Fetch Your News is a hyper local news outlet that covers Dawson, Lumpkin, White, Fannin, Gilmer, Pickens, Union, Towns and Murray counties as well as Cherokee County in N.C. If you would like to follow up-to-date local events in any of those counties, please visit us at


Cleveland Fire Chief Reports First Use of NARCAN in suspected drug overdose


Cleveland Fire Chief

CLEVELAND, Ga. – During Monday’s Cleveland City Council meeting, Fire Chief Ricky Pruitt reported his department had a very busy month, responding to 86 calls in the city and 35 in the county, including one in which the recently-purchased NARCAN potentially saved the life of a drug overdose patient.

“Firefighters were called to assist White County EMS with an overdose patient,” Pruitt said. “They administered two doses of NARCAN and brought them back around. So, there is definitely a need for it in the city.”

NARCAN is the only FDA-approved nasal form of naloxone which is used for the emergency treatment of a known or suspected opioid overdose.

Pruitt added that his firefighters have been trained in the use of NARCAN and his firetrucks are now equipped with it.

Police Chief John Foster reported that his department has been extremely busy. “It’s amazing how many calls we’re having to answer,” he said. “Walmart reported to us the other day that they have had 13-14 instances of shoplifting by the same group of people and we’re working on that now.”

City Council unanimously approved the first reading of an increase in the occupational tax license and the addition of an administration fee at Monday’s meeting. If approved on second reading, the increase would be $15 per employee up to 50 employees and $10 for each employee over 50.

Council also approved renewal of the School Resource Officer (SRO) agreement with the White County School Board. That agreement calls for the school system to pay $50,000 annually for one SRO to be on duty from 7:30 a.m. until 4 p.m. during the 180-day school calendar. Additionally, the Cleveland Police Department can, at the discretion of the Police Chief, provide SRO services outside the scope of this agreement at a rate of $35 per hour.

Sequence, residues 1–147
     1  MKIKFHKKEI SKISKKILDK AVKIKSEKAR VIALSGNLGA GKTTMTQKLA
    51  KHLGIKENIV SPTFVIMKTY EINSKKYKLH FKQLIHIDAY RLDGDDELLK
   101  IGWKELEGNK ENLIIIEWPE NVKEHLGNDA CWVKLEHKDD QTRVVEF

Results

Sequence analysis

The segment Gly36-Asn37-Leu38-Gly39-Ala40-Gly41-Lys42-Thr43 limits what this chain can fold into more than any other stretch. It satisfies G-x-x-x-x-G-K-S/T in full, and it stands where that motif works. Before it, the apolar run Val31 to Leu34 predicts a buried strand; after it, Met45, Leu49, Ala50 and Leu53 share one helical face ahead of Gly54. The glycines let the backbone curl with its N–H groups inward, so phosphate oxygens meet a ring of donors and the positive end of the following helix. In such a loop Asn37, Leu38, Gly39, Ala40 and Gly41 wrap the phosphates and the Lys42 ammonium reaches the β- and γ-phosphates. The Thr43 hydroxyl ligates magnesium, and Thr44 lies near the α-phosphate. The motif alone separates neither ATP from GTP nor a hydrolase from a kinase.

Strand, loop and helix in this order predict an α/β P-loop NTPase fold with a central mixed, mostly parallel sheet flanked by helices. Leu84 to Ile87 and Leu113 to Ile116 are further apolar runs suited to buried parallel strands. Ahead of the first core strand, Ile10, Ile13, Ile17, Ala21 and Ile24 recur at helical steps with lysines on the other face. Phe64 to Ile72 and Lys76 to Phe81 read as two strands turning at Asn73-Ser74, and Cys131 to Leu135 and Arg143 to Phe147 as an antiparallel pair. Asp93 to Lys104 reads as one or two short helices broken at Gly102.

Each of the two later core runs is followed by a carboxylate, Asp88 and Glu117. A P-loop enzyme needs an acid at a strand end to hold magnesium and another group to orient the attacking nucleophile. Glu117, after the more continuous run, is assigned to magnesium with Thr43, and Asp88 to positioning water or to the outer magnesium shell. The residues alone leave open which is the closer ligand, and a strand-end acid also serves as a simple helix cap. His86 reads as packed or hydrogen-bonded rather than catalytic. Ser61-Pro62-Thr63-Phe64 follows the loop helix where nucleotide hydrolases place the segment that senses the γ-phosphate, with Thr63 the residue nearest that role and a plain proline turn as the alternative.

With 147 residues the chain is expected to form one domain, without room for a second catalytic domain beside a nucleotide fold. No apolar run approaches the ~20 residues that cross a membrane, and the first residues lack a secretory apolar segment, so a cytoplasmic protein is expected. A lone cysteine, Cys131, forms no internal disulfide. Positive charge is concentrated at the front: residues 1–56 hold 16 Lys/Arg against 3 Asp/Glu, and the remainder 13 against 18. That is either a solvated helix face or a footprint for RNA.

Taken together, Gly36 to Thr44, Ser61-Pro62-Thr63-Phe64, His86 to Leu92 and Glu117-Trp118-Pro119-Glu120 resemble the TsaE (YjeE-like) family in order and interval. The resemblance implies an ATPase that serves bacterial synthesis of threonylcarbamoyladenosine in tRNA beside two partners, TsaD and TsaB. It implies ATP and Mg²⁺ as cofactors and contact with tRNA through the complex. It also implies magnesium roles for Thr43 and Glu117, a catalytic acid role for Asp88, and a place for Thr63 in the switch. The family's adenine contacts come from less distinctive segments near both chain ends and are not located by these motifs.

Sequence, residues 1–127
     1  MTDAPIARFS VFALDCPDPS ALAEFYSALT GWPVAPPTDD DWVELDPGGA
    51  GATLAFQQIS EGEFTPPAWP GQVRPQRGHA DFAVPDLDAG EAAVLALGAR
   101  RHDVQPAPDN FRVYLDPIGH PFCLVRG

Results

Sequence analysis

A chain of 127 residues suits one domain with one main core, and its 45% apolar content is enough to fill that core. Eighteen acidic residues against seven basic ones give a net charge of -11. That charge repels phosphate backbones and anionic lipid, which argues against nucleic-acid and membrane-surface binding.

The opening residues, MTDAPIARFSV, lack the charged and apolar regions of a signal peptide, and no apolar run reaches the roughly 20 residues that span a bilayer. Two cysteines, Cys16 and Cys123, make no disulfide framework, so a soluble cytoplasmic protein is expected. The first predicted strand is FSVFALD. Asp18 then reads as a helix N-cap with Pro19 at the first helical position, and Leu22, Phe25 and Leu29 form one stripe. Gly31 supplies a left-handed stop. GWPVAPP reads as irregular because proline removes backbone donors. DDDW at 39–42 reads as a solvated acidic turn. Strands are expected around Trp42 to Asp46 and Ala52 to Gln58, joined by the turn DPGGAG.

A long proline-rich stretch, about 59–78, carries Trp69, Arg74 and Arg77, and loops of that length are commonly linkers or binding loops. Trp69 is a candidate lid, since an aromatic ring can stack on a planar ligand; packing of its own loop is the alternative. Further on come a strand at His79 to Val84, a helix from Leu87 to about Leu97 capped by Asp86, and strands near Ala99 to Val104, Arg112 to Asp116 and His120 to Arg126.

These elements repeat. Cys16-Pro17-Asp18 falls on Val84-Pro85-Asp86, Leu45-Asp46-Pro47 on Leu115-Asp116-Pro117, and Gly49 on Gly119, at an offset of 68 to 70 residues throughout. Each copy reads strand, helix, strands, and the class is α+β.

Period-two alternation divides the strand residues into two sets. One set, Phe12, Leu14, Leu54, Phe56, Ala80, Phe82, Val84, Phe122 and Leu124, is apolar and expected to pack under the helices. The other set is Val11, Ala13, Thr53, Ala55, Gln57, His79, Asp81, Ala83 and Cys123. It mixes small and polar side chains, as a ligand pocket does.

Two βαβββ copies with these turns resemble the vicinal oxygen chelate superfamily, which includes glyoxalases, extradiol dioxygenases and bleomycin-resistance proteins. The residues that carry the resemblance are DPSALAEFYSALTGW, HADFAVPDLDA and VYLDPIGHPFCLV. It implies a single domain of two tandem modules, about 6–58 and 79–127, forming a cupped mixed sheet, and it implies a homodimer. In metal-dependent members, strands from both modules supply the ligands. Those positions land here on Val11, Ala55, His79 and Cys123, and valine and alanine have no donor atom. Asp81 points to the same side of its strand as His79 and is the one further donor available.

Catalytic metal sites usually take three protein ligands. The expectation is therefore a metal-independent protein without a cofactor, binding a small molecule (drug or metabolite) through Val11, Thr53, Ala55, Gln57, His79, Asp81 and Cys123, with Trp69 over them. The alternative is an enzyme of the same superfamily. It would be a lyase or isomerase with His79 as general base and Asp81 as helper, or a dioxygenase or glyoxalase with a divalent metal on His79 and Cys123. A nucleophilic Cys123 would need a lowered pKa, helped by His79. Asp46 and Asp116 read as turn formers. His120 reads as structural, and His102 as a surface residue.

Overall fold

Council also agreed to provide $300 for the city attorney to attend a city/county attorney seminar sponsored by the Carl Vincent Institute of Government at the University of Georgia in Athens.

Fetch Your News is a hyper local news outlet that covers Dawson, Lumpkin, White, Fannin, Gilmer, Pickens, Union, Towns and Murray counties as well as Cherokee County in N.C. If you would like to follow up-to-date local events in any of those counties, please visit us at




Cleveland City Council Meeting Announcement & Agenda

Legal Notice

Cleveland City Council Meeting

Monday,  August 8, 2016 at 7:00 p.m. City Hall Annex.


Police Chief John Foster Says Apartments are a Hub for Drug Deals


CLEVELAND — The dilapidated Blue Ridge Apartments in Cleveland are not just an eye sore, they have become a “hot spot” for drug activity and earlier this month a gang member was arrested there.

Police Chief John Foster said Wednesday he told the owner to clean up and renovate the apartments or he will shut them down.

“We don’t want to do that but if we can show that it has become a drug haven, it can be declared a public nuisance and they can be made to close down,” he said.

At Monday’s Cleveland City Council meeting, Foster said police have a lot of problems at the apartments at 105 Bryant Street. He said Monday morning they had been called out for an incident in which a female resident had her throat cut. Foster said it turned out that she cut her own throat in an attempt to commit suicide.

On July 1, he said a suspected gang member was arrested on drug charges by Cleveland Police and the Appalachian Regional Drug Enforcement Agency

Foster said the apartments are falling down and that they no longer have a single outside light because of the drug activity. All of them have been knocked out.

“We need to look at a maintenance ordinance for apartment buildings,” Foster told the city council.